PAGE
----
Gender Bias Alive and Well in Health Care Roles, Study Shows

Results of a multi-center study of patients’ assumptions about health care professionals’ roles based on gender show significant stereotypical bias towards males as physicians and females as nurses. The research team, led in New Orleans by Lisa Moreno-Walton, MD, LSU Health New Orleans Emergency Medicine at University Medical Center (UMC), found patients recognized males as physicians nearly 76% of the time. Female attending physicians were recognized as physicians only 58% of the time. The research paper is published in the Journal of Women’s Health.

“Despite the fact that about 52% of all medical students are women, unconscious/ implicit bias is so strong that even when women introduce themselves to patients as the doctor, patients fail to recognize the female as a physician,” notes Dr. Moreno-Walton.

The researchers analyzed the responses of 150 patients to an anonymous survey conducted in the Emergency Department (ED) of a teaching hospital in Miami Beach, Florida. After being seen by the nurse, resident physician, and attending physician who introduced themselves, explained their exact roles and wrote their names on the white boards in the exam rooms next to the nurse, resident or attending physician designation, volunteers administered the survey. Patients were asked to recall the gender of their nurse, resident physician, and attending physician.

The patients’ genders did not affect their recognition of physicians and nurses. Both male and female patients correctly recognized female physicians less than male and female more than male nurses. Patients’ ages, though, did. Younger patients more often correctly identified male nurses as nurses and female attending physicians as physicians than did older patients.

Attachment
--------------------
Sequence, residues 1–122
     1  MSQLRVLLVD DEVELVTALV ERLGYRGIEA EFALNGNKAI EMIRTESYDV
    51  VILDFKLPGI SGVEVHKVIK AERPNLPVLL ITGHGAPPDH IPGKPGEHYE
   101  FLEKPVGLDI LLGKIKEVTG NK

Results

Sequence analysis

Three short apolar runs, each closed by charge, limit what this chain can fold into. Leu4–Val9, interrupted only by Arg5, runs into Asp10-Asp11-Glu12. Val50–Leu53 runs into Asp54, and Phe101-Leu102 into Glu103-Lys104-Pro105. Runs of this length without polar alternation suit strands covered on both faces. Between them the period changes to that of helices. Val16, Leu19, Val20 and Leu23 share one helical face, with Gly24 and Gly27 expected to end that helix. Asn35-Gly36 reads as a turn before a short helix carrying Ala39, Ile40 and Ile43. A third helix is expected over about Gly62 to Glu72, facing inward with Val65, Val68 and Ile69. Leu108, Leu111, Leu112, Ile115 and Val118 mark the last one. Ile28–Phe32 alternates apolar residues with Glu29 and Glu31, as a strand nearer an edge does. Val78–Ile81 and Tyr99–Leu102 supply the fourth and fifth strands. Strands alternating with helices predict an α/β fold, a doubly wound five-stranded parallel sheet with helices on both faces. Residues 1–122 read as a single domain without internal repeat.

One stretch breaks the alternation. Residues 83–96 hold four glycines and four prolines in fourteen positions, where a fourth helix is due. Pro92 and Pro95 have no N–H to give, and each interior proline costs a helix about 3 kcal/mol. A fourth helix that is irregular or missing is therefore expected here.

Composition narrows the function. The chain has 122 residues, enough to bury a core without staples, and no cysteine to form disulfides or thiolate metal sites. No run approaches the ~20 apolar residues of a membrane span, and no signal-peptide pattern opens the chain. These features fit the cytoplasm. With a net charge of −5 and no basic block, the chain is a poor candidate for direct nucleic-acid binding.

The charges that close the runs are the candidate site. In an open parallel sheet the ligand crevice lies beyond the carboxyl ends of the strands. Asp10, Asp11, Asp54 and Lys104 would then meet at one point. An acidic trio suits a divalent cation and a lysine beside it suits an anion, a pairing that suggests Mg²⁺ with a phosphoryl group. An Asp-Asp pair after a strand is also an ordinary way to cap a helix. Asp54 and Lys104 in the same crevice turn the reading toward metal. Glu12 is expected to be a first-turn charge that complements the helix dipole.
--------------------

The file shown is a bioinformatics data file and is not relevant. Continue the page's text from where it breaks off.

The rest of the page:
“At UMC, the vast majority of female ED physicians report that on our monthly patient satisfaction reports, only about 50% of our patients state that they were seen by a physician,” adds Moreno-Walton. “All of us know we are seeing all of our patients, but the patients do not know that we are doctors.”

This experience is a common one.

“When I do my career development seminars all over the country, I ask, ‘If there is any woman in the room who has NEVER been mistaken for a nurse, please raise your hand,'” says Moreno-Walton. “In seven years of doing these seminars, I have yet to have even one woman physician raise her hand. Implicit bias, microaggressions and the sometimes present explicit bias can do significant damage to the morale, self-esteem and confidence of health care professionals who are females and/or underrepresented minorities. This is not trivial.”

The research team advises further research be conducted to understand the implications of implicit gender biases on patient satisfaction, patient compliance, physician burnout, compassion fatigue and job satisfaction, among other issues.

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